The Best Tax Book

I can tell it’s tax time. Most of the questions posted to my old posts are about taxes. I’m not a CPA; I write about taxes only to the extent they affect me.

The best way to get tax questions answered is of course asking a real CPA. I realize not everybody can afford a real CPA so they ask an amateur on the Internet. The next best way to get tax questions answered would be getting a tax book.

There are two popular tax book series. J.K. Lasser’s Your Income Tax and Ernst and Young Tax Guide. These books are updated every year. They are very inexpensive for their size (think yellow pages). They both go for $13.57 at this moment on Amazon.

My favorite tax book, however, is U.S. Master Tax Guide by CCH. Despite the name "Master" it’s not as huge as the J.K. Lasser’s book or the Ernst & Young book. It’s more expensive ($79.30 on Amazon) because it’s used by professionals. Yes, CPAs also use reference books.

The "Master" in the title is well justified because it answers more questions than the other two "consumer-grade" books. I consider CCH’s U.S. Master Tax Guide the best tax book.

I tested all three tax books with some of the questions I got from the readers recently.

"How can I carry forward unused foreign tax credit?"

"How to calculate cost basis in a stock when the company is taken over by another company in a part-stock-part-cash merger?"

"What to do with dependent care flexible spending account when a spouse doesn’t have earned income?"

Every time I found a better answer in the Master Tax Guide than in the J.K. Lasser’s or Ernst & Young books. When the questions go out of the ordinary, the J.K. Lasser’s or Ernst & Young books either don’t say anything or just send you straight to IRS publications, some of which are not easy to understand. A used copy of the Master Tax Guide sells for about $30 on Amazon, which isn’t that expensive.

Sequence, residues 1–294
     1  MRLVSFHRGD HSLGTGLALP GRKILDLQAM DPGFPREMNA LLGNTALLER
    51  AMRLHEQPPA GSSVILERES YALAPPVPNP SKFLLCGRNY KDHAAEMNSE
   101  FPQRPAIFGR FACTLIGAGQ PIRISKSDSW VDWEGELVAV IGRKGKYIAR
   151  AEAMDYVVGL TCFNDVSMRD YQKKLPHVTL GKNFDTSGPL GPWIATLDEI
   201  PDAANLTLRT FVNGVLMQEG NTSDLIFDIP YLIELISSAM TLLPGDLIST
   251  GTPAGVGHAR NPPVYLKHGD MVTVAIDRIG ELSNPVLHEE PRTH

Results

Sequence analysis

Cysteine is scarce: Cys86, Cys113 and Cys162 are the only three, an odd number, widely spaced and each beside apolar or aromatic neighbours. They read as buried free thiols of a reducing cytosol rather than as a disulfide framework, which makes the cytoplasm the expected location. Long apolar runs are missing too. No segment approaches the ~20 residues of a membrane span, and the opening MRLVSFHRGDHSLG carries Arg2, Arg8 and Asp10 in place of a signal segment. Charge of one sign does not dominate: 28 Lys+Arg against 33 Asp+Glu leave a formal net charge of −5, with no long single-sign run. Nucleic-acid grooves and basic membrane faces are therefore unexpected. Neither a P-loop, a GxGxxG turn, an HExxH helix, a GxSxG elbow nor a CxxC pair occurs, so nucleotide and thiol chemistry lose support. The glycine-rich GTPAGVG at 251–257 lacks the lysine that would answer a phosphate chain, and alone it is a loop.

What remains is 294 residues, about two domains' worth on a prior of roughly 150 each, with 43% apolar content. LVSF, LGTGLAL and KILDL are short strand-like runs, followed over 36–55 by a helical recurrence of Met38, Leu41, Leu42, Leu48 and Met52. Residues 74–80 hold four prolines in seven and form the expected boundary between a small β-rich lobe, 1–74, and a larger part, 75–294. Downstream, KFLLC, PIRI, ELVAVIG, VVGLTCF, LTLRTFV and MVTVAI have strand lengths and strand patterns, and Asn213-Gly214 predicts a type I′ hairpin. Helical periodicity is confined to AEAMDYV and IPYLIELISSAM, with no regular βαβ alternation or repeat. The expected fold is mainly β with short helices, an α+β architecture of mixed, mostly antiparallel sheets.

The problem with tax books is that new editions keep coming out every year with tax law changes. However, it also creates an opportunity. After a new edition comes out, people sell their old editions. A used last year’s U.S. Master Tax Guide sells for as low as $1.48 plus $3.99 shipping on Amazon. That’s a bargain.

Given that if you buy a tax book it’s going to be out of date next year anyway, you might as well buy last year’s book for 90% off and keep as a reference. Tax laws change, but they don’t change that much. For example the answers to the three questions above didn’t change last year. If you can spare $30, get the current year’s book. For less than $6 shipped, last year’s book is a steal.

You can use software to help you prepare your tax return. It won’t help you understand taxes. For that, you need a tax book. You might as well get the best one.

[This post contains affiliated links to Amazon will pay a commission of 4% – 6.5% to me if you make a purchase within 24 hours after you click on the link.]

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  1. MoneyCone says

    Thanks for the awesome tip, TFB! Pity I already filed my taxes – completely agree with you on the use of a tax software – It’ll do the job for you, but you won’t know what it did!

  2. David H. says

    As someone who just finished becoming a CPA and worked as a tax accountant for 18 months, this is quite accurate. I can tell you that when those accountants I worked with including myself ran into something we were stumped on our first step was looking it up in the master tax guide (CCH, RIA, etc) or a quickfinder. We typically can find the answers in there before having to use online research such as CCH, RIA Checkpoint, or others. I am using a 2008 master tax guide and it does just fine.

  3. JoeTaxpayer says

    The <$6 deals seem scarce on Amazon, but I just grabbed a $1.49 2009 copy off eBay, appreciate the heads up on this, I look forward to the light reading.

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